“The more I think and write about Mad Men, the more I take the show as a personal insult,” wrote George Lois, ad industry legend and original Mad Man (although he never wore a fedora) in a recent Playboy essay. The vaunted designer of many famous Esquire covers, Lois has never had trouble expressing himself directly, which is one of his charms. The essay continues: “So f*ck you, Mad Men, you phony gray-flannel-suit, male-chauvinist, no-talent, WASP, white-shirted, racist, anti-Semitic Republican SOBs!”
But among other good things that have resulted from the wild popularity of Matt Weiner’s AMC series that just completed its fourth season is the documentary film Art & Copy. A reexamination of the golden age of advertising featuring many of the original icons (and produced by The One Club), it’s now a popular rental — and it’s also been shown widely on college campuses. As such, A&C has reintroduced Lois to a new generation of students. Much of his work still resonates (“I want my MTV,” for instance), as does the man’s very contemporary propensity to peel off the F bombs.
Lois says that as a result of his (jump-off-the-screen) appearance in that film, several clients have approached him about handling their business. One was Dr. Stephen Kurtin, a California inventor who’d been working on a pair of self-adjusting glasses for more than 20 years. (They have a slider on the bridge that allows the wearer to adjust them manually in a way that mimics the lens of the human eyeball and changes focus.) As their eyesight worsens, oldsters know that they sometimes need up to three different kinds of glasses for reading, driving, computer work, etc. — bifocals, trifocals and progressives.
Kurtin had named his product Trufocals and was already selling them on a Web site. The first thing Lois did was change the dull-ish name to Superfocus, then design the logo with the block lettering of a Superman cartoon (which also suggests Supe’s beyond-human X-ray vision.) The logo comes flying through a hoop, or one of the large O-shaped lenses, or like the forward motion of light through the human eyeball.
As with the revved-up logo, the work is characteristic George Lois. If you got it, flaunt it.
The only thing better than having a good line, and a celebrity, is having many celebrities repeat the same line while the musical theme from Stanley Kubrick’s 2001: A Space Odyssey (actually Thus Spoke Zarathustra by Richard Strauss) plays in the background.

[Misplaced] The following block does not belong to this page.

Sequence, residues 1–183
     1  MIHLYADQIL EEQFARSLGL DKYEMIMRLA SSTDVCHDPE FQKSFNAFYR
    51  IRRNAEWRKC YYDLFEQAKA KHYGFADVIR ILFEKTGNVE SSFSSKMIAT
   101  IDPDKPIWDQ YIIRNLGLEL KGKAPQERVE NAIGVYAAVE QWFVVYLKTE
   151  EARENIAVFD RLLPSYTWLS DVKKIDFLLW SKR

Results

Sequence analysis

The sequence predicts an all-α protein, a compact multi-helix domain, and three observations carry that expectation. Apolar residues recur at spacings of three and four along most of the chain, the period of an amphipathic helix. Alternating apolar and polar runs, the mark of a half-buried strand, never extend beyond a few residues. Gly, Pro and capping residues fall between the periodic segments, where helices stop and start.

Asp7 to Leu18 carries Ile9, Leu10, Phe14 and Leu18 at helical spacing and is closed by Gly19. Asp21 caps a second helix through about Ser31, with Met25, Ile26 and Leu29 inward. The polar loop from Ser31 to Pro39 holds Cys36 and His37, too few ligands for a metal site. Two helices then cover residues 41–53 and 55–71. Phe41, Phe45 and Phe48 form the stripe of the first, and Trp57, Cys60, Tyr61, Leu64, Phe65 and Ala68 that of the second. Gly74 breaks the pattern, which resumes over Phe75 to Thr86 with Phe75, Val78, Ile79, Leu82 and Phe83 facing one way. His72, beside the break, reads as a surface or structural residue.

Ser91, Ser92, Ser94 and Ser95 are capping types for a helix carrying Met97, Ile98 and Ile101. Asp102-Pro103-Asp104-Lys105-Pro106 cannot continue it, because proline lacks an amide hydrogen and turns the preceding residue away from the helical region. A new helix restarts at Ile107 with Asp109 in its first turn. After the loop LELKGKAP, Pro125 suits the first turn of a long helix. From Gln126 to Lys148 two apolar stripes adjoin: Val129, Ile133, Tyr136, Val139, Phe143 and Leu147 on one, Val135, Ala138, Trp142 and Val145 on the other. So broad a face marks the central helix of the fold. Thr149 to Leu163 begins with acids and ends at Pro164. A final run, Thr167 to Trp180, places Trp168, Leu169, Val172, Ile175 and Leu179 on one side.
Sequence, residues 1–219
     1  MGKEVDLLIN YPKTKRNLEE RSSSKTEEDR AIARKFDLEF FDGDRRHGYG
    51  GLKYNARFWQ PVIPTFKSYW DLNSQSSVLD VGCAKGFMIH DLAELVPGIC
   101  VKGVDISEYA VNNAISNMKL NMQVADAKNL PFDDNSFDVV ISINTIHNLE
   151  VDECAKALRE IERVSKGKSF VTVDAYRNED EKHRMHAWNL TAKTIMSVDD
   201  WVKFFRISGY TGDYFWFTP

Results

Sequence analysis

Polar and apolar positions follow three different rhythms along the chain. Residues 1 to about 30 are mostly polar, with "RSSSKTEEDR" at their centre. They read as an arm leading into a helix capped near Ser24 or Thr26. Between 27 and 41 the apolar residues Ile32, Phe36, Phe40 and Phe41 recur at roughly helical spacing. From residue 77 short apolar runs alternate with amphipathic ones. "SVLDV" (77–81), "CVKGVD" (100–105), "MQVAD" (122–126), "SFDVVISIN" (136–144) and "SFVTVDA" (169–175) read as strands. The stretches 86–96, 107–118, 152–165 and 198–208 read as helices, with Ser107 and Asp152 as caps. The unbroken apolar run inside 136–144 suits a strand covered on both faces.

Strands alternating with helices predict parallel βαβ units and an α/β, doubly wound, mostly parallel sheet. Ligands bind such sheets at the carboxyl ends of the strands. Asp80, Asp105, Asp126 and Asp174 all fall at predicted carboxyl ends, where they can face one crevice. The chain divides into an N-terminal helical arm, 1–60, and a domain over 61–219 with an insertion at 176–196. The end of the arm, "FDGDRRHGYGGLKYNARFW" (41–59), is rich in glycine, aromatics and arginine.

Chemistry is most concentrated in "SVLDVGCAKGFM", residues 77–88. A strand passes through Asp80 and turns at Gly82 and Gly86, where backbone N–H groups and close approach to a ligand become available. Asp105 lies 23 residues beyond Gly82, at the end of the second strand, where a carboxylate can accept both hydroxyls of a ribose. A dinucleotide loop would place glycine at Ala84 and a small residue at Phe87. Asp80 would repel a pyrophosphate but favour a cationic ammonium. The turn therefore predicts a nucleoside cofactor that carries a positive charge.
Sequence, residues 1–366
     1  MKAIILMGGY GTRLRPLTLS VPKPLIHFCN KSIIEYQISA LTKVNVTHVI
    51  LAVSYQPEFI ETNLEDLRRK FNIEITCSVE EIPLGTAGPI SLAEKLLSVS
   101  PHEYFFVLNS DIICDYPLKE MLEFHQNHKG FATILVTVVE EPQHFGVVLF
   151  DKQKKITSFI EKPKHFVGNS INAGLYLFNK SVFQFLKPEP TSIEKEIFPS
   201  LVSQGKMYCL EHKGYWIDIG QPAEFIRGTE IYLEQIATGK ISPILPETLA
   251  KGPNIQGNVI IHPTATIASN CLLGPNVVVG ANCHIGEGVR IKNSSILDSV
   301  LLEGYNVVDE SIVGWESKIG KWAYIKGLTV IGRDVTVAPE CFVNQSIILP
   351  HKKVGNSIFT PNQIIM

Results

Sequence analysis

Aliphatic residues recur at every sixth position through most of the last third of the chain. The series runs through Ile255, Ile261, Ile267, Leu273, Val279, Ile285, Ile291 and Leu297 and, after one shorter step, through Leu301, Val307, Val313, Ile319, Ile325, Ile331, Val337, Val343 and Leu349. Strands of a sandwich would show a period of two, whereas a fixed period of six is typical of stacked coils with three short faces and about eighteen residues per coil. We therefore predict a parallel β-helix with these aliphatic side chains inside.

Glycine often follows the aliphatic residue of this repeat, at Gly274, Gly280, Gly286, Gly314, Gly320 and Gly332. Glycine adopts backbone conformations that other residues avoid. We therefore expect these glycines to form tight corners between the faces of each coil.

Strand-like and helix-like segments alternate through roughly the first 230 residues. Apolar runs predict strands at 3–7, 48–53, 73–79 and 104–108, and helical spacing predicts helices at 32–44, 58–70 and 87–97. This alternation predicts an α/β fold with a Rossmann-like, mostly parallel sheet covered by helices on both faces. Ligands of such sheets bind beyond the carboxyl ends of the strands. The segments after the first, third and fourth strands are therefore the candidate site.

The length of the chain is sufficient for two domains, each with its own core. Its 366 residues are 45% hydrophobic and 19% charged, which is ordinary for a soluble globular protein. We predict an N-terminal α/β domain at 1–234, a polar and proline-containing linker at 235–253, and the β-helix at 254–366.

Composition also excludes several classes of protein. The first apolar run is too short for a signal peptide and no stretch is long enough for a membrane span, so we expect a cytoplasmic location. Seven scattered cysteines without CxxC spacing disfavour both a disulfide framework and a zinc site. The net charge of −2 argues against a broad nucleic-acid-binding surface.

Watching the spots, it’s the shock of the old. Gray hair and jowls and turkey necks, oh my! But while the change of lighting is a bit stilted and the whole idea straddles the cheesy, it’s actually great — we don’t see lots of people this age speaking honestly about their glasses. Men this age are usually seen in ads for Viagra, and women tend to be shown canoeing in ads for incontinence or bone loss.
It’s good to see these incredibly accomplished people unapologetically face the camera, and say it loud and proud: “Now I see the world in Superfocus!”
The glasses do look a bit dorky, more Milhouse on The Simpsons than Harry Potter. They are perfect for famed architect Richard Meier. They also happen to look great on Rita Moreno. Alvin Ailey dancer and choreographer Judith Jamison is a nice choice — with her shaved head and the glasses, she truly looks like a woman from the future.
The problem with Joel Gray is that they are exactly the kind of arty, oldster glasses the tiny, wiry performer would typically be sporting. The best line comes from the 55-year-old baby of the group, magician and comedian Penn Jillette: “Whenever I hear those iconic words, ‘Oh say can you see?’ I say, ‘Not that good!'”
Ironically, while advertisers continue to kill themselves to speak to teenage boys, and most agency people think old people should just shrivel up and die, the 60-plusers might be the last demographic with money.
This is a mighty combo: an innovative product backed by a maniacally confident campaign. Take that, Don Draper!